We are still at Nashville. I think we will get our pay about Wednesday. They have made out the pay roll and I think we will sign it tomorrow and get our pay the next day. They are going to pay us for only three months and they owe us six today and then I have over fifty dollars owing to me besides. Tell me if you don’t think I have done pretty well. I have made up my trip home and more too and I think that is doing very well. I will send the money to you by express as soon as I get it.
The boys are all well. They are a settling up the clothing list for the year and the allowance is 42 dollars. I have taken up $37.22 so you see there will be some coming to me on that.
I stopped writing to read a letter from you and to learn that you are all well but sorry to hear of your persecution from my own relatives. They need not try to set up against you for they can’t do it. I love you too dearly to ever forsake you, I know you live as saving as you can. You told her right. What is mine is yours and it is none of her business what you buy. Make yourself comfortable with the money that I send you. It is yours and you use it as you please. I will write her a letter and give her a piece of my mind.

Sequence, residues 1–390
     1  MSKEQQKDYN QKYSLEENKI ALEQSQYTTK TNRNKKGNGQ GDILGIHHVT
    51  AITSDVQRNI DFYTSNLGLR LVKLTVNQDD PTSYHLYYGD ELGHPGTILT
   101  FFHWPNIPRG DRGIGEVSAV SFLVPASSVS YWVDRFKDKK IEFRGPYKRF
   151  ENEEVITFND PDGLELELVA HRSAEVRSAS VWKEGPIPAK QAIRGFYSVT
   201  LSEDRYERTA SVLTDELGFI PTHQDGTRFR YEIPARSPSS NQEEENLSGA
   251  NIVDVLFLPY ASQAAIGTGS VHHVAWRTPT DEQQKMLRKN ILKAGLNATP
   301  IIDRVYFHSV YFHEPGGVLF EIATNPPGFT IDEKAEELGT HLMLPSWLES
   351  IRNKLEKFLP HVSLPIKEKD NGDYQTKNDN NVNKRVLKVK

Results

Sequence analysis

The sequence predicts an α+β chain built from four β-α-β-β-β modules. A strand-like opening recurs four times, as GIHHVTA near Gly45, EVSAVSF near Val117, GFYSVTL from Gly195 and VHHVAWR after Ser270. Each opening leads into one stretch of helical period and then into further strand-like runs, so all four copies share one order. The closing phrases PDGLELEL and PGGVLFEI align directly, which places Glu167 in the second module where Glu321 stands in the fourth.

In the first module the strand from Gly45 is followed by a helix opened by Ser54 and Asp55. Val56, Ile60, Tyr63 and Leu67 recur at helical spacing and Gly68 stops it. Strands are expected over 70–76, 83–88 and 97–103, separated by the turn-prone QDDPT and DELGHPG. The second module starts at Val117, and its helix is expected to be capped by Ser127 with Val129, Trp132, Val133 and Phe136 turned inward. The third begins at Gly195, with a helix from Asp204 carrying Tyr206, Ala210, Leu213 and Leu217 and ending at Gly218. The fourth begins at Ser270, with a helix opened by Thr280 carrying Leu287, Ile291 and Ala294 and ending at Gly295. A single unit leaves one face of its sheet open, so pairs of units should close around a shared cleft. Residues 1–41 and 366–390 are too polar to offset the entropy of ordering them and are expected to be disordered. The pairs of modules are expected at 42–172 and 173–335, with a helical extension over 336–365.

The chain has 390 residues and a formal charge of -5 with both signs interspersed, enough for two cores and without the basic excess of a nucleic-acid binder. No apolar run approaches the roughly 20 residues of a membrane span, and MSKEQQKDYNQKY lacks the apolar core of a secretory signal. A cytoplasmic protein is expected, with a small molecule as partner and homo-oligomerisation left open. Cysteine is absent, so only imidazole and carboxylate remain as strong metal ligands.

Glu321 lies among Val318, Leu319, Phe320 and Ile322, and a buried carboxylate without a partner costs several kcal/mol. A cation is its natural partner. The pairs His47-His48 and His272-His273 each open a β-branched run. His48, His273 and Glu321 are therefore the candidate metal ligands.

Don’t pay out your money to close. Keep enough to buy all that you want and oblige me.
¹ Alexander Kinmont (1827-1920) of Hixville was a corporal when he enlisted in Co. F, 44th Indiana Infantry. He was later promoted to 1st Lieutenant of Co. F. From Find-A-Grave: “Kinmont entered the service on September 23, 1861, as 1st Corporal in Company F, three days after his brother, Thomas, entered as 2nd Lieutenant. Alex was promoted 4th Sergeant March 20, 1862 He fought in all the battles receiving honorable mention by Colonel Reed at Fort Donelson and Shiloh where he was twice wounded on Sunday but was in Monday’s fight. He was sent to Evansville, Indiana, and returned to the regiment Aug. 10, 1862. After fighting at Chickamauga, he reenlisted as a veteran and married Barbara Peterson March 6, 1864, in DeKalb County, Indiana, while home on veteran furlough. He was promoted 1st Lieutenant on June 3, 1864, became Quartermaster on January 17, 1865 and mustered out with the regiment on September 14, 1865. Kinmont was a farmer in DeKalb and Steuben County, Indiana, but he died Feb. 19, 1920, at his son Bruce’s home in Albion, Calhoun County, Michigan, and is buried in Riverside Cemetery there.”
² John Gunsenhouser of Jarvis served in Co. F, 44th Indiana Infantry. He rose from the rank of sergeant to Captain of Co. F before he was killed at Chickamauga on 20 September 1863. He was succeeded as captain by 1st Lt. Irving Newton (“Nute”) Thomas of Newville.